Indian-origin conman turns dumb to avoid UK jail

In a bizarre attempt to avoid jail, a conman of Indian-origin pretended to have gone dumb for more than a year after he was caught stealing over 400,000 pounds from a post office and arrested in Manchester.

But Amritpal Mehat's efforts went in vain as he was given four-year prison term by a Manchester court.

Mehat, 26, claimed to be a deeply religious person and that God had struck him dumb after he was arrested. His charade was exposed when he was ordered to go to a mental health institute while on remand and began chatting to a psychologist in Punjabi.

The conversation between the 'dumb' Mehat and the psychologist was played out in the Manchester Minshull Street Crown Court, where Judge Bernard Level sentenced him to four years in jail, reports from Manchester said.

The conversation was revealed in the court, when the jury unanimously decided he had been 'mute by malice' rather than mute by 'visitation of God'.

Mehat spoke publicly for the first time since his arrest, confirming his name and guilty plea to charges of conspiracy to steal from the Post Office and theft from the Post Office.

Judge Lever said: "This was a wicked deception. You have had the crown jumping through forensic hoops for two years. A large number of experts were called to examine you at vast public expense. I ordered you to hospital for a month where you were unable to maintain your silence, though you had a good go." Mehat stole the cash between November 2008 and January 2009, allegedly to stave off disaster for his family business, which included other Post Office franchises, the Manchester Evening News reported.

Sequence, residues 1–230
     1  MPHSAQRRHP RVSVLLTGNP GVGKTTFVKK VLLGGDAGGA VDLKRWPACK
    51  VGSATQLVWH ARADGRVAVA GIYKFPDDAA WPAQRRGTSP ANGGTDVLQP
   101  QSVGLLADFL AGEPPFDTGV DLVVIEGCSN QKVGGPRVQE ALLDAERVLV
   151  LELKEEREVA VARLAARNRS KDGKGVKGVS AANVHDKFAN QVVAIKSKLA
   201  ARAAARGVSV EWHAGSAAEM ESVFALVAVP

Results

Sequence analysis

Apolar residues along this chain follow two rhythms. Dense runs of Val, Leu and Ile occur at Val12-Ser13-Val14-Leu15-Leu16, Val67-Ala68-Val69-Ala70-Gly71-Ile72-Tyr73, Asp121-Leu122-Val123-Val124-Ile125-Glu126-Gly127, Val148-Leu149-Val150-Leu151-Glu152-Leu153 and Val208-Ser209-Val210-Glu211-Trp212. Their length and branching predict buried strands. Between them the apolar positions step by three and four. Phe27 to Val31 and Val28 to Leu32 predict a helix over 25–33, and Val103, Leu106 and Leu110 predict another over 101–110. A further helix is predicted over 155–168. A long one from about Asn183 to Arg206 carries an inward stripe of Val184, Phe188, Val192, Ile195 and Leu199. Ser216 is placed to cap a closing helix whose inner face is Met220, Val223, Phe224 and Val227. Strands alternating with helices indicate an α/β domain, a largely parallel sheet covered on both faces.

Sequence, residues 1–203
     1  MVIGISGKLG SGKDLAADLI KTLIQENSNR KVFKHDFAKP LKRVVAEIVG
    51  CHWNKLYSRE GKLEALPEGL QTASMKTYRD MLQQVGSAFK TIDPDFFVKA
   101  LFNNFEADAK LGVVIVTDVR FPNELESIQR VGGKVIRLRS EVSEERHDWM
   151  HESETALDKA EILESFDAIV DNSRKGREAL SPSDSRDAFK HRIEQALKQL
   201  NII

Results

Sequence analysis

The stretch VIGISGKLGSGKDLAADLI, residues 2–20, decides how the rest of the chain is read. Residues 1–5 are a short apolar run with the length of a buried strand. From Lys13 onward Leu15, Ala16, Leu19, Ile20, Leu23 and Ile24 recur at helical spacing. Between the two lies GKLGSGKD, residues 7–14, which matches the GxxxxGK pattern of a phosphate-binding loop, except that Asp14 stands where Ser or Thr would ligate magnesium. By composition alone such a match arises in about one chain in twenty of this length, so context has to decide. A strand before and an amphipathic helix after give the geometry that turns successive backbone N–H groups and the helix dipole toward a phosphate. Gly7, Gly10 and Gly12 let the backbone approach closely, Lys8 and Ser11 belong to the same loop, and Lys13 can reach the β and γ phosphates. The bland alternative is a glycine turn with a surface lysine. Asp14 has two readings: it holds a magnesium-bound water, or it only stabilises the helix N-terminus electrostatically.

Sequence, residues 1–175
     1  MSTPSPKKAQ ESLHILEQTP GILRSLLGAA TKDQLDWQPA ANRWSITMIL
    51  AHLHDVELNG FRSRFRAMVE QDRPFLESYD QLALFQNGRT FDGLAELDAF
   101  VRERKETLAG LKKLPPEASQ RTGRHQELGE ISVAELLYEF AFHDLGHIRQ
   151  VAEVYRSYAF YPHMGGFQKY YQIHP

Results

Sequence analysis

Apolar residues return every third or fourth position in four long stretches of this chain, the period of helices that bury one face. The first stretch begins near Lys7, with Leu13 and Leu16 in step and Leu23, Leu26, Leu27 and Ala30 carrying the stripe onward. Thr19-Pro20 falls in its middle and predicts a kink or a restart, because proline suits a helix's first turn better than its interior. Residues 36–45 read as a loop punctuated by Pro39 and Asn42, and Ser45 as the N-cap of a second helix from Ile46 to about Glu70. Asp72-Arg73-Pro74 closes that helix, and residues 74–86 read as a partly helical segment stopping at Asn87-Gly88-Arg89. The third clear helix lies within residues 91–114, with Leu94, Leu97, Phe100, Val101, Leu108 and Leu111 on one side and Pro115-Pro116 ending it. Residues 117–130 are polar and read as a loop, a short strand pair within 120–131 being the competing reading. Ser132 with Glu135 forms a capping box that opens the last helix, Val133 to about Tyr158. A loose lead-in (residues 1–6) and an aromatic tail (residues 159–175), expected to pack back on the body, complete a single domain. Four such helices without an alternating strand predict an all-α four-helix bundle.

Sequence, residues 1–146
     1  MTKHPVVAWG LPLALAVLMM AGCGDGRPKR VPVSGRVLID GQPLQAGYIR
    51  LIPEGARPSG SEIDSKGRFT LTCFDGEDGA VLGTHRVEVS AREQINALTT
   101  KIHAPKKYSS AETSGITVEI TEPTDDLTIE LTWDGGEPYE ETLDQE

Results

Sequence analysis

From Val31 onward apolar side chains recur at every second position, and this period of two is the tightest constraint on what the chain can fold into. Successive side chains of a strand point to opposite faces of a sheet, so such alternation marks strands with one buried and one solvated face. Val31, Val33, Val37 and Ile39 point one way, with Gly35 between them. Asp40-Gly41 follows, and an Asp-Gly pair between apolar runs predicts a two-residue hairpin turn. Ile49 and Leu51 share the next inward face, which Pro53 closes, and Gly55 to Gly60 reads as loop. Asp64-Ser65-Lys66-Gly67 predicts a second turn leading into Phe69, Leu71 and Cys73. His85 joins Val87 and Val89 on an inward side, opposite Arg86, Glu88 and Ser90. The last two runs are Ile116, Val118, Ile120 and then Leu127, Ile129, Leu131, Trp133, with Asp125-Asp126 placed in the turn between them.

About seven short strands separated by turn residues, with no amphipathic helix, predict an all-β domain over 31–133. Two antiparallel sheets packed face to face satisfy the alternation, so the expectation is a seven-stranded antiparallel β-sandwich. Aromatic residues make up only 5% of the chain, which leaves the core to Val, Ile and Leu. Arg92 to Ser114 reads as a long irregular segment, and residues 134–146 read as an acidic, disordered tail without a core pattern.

While stealing 408,000 pounds, he falsified accounts but used the computer user-name and password of employee Jacqueline Rigby to deflect blame.

The judge said this was 'an ugly feature' of the case. The court was told that Mehat was caught after an audit of accounts in early January 2009.

Investigators realised somebody else had used Rigby's password and details, but she became so traumatised she could no longer face work and left.

Michael Rawlison, defending lawyer, said: "It has taken him a long time to come to terms with it. He has been searching for a way to come to terms with what he has done. It is most unfortunate that it took him so long to plead guilty, and he has brought great shame on his family."

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